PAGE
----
multicellular exocrine gland secrete their products by exocytosis as they are produced. Generally pancreatic, sweat and salivary glands belong to this type.
multicellular exocrine glands that accumilate their product within them until they rupture which releases their secretion. A good example of this is the sebaceous (oil) glands of the skin.
How are multicellular glands classified?
according to their duct type.
the most abundant and widely distributed of the primary tissues.
Four types of connective tissue
connective tissue proper, cartilage, bone tissue, and BLOOD
Is blood a tissue?
YES, blood is a connective tissue (I know this sounds weird, but it is)
Three main characteristics of connective tissue
ground substance, fibers and cells
What is ground substance?
One of the characteristics of connective tissue that fills the space between the cells and contains fibers. It holds large amounts of fluid and functions as a molecular medium through which nutrients and other things diffuse between blood capillaries and the cell
What are fibers (connective tissue)?
Another characteristic of connective tissue which provide support
What are the three types of fibers in connective tissue?
Collagen, Elastic, and Reticular fibers
What are collagen fibers?
These are cross-linked fibers that are incredibly strong and provide tissue strength?
What are elastic fibers?
Long and thin fibers that form branching networks in the matrix. They contain a protein called elastin which allows the fobers to stretch and recoil like rubber bands. These fibers are found where the tissue is constantly expanding like the skin, lungs, and blood vessels.
What are reticular fibers/
short fine fibers that are collagen fibers, and they surround small blood vessels and support the soft tissue of organs. This is kind of a mixture of collagen and elastic fibers.
Where does mature connective tissue arise from?
From common embryonic tissue called mesenchyme?
What is mesenchyme?
This is a fluid ground substance containing fine sparse fibers and star-shaped mesenchymal cells. These arise during the early weeks of embryonic development and eventually become different types of connective tissue.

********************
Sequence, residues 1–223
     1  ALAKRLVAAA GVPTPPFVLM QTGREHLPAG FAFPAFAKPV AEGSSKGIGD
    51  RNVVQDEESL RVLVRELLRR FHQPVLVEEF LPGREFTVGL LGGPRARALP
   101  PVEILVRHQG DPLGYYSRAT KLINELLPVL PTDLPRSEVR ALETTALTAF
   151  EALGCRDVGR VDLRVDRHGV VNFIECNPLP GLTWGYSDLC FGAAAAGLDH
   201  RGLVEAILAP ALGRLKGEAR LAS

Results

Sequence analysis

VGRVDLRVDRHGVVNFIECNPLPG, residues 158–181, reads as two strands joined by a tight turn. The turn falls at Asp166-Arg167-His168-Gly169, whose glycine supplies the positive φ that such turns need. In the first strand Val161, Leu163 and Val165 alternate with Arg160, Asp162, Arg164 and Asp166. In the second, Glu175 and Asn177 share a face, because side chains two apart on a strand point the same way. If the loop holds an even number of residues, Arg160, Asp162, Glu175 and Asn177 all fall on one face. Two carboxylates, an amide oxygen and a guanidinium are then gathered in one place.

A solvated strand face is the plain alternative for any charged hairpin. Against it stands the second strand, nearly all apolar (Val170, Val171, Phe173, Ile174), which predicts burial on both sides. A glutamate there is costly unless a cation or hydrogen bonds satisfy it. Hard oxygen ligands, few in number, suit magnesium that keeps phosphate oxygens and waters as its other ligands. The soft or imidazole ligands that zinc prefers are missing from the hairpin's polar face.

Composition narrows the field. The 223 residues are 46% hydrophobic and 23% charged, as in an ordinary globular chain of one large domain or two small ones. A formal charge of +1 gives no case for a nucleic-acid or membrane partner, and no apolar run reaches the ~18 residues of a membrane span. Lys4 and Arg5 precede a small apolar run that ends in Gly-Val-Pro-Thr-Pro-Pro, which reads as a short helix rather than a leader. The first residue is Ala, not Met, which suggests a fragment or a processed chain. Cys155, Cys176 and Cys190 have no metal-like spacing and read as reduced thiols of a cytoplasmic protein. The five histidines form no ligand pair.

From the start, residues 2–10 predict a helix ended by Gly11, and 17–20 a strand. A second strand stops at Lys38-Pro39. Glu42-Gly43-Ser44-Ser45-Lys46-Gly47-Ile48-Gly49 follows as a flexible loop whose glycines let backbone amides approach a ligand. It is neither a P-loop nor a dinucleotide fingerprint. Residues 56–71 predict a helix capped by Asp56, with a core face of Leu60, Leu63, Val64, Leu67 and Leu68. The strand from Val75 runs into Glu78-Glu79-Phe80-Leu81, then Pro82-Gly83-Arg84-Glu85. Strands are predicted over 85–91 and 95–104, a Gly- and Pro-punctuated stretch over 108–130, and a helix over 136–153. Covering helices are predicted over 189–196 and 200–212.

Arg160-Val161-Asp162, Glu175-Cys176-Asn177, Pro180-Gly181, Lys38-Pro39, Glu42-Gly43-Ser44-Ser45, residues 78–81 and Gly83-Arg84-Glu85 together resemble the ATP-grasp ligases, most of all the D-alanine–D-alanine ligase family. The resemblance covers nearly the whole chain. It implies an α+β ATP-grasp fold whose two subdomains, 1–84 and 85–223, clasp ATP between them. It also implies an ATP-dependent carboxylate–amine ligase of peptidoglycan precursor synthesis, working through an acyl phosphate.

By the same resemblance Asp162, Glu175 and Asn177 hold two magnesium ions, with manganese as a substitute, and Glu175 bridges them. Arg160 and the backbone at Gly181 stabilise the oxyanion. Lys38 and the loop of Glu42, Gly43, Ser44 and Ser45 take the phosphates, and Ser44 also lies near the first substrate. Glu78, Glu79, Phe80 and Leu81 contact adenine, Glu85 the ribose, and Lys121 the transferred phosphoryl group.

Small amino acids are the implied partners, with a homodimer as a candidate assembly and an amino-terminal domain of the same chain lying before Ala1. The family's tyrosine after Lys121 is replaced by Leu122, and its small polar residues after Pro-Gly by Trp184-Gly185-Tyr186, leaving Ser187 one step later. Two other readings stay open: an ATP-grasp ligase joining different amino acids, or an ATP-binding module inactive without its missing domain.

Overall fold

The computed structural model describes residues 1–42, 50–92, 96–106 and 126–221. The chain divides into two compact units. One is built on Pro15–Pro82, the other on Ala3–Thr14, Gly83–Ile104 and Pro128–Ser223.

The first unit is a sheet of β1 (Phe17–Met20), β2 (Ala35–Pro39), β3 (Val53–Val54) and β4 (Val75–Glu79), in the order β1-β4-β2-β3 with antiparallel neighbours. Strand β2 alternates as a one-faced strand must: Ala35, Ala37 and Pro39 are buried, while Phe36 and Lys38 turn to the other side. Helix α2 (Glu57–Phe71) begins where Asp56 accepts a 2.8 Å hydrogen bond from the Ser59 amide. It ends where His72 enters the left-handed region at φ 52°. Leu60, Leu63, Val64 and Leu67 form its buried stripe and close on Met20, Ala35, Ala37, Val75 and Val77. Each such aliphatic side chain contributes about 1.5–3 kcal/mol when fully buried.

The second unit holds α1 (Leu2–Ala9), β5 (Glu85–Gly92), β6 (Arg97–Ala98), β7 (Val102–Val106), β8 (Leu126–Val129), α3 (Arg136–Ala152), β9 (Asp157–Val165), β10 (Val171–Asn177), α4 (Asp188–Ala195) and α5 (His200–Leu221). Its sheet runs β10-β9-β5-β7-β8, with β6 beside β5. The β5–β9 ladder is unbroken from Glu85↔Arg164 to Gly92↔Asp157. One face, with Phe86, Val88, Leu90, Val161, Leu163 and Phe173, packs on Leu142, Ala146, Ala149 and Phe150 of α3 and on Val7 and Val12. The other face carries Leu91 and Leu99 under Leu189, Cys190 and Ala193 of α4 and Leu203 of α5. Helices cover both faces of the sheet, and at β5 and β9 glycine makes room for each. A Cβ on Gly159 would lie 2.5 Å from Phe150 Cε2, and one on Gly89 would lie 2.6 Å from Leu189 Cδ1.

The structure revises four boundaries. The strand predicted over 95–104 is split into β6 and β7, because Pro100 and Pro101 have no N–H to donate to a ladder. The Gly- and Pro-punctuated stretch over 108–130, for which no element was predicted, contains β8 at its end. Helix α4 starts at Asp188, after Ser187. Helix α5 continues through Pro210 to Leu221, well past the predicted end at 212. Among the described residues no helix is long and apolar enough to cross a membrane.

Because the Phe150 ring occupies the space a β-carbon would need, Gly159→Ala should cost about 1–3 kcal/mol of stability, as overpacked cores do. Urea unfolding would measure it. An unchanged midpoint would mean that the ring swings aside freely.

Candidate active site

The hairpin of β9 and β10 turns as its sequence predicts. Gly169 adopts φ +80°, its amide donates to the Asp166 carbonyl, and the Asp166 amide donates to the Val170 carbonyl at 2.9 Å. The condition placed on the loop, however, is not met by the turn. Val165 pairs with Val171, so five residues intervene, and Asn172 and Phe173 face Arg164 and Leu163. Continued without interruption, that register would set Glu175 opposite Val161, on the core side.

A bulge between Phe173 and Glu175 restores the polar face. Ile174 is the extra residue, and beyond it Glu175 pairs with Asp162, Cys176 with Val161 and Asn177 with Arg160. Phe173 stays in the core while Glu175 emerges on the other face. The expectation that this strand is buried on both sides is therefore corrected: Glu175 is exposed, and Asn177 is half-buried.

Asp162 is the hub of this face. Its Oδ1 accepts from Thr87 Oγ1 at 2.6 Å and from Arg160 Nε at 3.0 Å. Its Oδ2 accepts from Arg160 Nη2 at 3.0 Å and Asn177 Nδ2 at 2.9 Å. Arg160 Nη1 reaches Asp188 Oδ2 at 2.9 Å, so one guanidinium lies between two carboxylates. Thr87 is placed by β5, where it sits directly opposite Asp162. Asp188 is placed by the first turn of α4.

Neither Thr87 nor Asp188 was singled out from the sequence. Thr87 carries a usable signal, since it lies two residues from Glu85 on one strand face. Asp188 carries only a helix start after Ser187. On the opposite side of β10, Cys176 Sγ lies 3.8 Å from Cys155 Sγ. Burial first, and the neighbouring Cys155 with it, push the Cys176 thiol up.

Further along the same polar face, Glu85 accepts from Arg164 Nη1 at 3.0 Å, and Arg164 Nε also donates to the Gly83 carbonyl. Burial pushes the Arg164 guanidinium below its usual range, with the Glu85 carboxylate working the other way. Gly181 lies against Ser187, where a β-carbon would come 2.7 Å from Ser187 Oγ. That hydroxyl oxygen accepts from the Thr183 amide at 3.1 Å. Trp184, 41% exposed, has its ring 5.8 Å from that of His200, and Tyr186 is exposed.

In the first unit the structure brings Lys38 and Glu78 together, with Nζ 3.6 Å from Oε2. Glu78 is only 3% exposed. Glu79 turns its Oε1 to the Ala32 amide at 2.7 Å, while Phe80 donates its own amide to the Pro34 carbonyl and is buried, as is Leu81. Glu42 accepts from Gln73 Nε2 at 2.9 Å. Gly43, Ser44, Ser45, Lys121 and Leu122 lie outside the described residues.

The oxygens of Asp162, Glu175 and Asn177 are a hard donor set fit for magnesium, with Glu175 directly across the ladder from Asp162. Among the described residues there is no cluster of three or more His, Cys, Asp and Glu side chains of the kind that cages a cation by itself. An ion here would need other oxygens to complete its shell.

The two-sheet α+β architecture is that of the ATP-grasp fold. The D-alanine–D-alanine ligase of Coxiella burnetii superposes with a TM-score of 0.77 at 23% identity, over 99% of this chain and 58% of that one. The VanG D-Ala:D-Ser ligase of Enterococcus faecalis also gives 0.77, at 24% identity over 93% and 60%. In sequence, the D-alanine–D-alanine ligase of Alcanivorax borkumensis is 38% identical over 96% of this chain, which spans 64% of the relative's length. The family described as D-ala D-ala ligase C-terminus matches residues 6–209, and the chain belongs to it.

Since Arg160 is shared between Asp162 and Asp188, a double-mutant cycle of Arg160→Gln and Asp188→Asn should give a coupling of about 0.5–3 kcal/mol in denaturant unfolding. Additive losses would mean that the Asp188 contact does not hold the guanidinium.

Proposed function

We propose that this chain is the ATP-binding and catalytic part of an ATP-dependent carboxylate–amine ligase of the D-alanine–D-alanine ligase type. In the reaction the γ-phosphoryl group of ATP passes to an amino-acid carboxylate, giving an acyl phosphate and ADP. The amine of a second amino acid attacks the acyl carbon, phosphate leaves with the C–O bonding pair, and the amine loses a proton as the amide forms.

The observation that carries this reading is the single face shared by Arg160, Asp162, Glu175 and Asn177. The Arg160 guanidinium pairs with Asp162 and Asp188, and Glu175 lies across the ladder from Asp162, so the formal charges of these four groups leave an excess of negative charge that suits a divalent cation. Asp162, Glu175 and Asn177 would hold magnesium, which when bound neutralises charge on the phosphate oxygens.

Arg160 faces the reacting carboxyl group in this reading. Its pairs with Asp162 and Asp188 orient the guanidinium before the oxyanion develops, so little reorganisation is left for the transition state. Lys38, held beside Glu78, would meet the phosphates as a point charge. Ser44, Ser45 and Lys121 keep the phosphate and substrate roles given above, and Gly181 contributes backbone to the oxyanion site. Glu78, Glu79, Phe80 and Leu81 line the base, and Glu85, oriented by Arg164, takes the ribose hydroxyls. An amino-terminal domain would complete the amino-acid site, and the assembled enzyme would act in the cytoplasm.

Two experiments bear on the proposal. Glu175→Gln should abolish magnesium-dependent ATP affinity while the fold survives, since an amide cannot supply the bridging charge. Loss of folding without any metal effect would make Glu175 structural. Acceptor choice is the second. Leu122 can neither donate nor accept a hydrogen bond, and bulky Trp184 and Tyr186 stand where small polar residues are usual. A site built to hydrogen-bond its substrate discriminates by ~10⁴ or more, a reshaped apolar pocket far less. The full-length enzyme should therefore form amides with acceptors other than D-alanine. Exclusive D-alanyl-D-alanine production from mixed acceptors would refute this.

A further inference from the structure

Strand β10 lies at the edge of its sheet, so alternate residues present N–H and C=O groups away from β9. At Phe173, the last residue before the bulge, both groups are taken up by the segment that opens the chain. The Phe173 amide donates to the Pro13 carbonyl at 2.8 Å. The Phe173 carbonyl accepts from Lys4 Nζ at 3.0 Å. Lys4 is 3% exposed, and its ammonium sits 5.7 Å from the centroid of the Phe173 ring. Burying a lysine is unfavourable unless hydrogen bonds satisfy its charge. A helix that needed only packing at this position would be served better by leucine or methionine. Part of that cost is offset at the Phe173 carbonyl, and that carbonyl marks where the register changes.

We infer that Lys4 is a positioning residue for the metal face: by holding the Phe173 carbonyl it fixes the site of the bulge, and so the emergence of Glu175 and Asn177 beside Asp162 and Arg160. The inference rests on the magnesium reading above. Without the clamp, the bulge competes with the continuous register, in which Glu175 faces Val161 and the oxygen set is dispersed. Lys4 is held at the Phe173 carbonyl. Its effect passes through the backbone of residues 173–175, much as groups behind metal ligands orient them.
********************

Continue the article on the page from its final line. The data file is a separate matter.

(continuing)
Connective tissue proper
has two subclasses: the loose connective tissues and dense connective tissue. exept for bone, cartilage, and blood, all mature connective tissues belong to this class?
Areolar connective tissue
Wraps and cushions organs; its macrophages eat bacterial plays an important role in inflammation and holds and conveys tissue fluid. Found widely distributed under epithelia of the body
Adipose connective tissue
Provide reserve food fuel, insulates against heat loss, and supports and protects organs. ADIPOSE TISSUE = FAT TISSUE.
Reticular connective tissue
fibers form a soft internal skeleton that supports other cell types including white blood cells, mast cells, and macrophages, found in the lymphoid organs
Dense regular connective tissue
Attaches muscles to bones or to muscles and even attaches bone to bone and can withstand a lot of force in one direction. These are in tendons and ligaments
Dense irregular connective tissue
Able to withstand tension exerted in many directions, these are found normall in joints and the digestive system
Elastic connective tissue
Allows recoil of tissues following stretching and maintaines pulsatile flow of blood through arteries, found in the walls of large arteries and within the vertebral column
Supports and reinforces, very resilient cushioning properties and can resist compression stress.. Found in the rib cage
Maintains the shape of a structure, found in the ear
tensile strength with the ability to absorb compressive shock, found in the intervertebral discs and discs of the knee
ALSO KNOWN AS BONE. Supports nad protects the body, provides levers for the muscles to act on and stores calcium and minerals for the body.
remember this is considered connective tissue, the fibers within blood are soluble protein molecules that dissolve.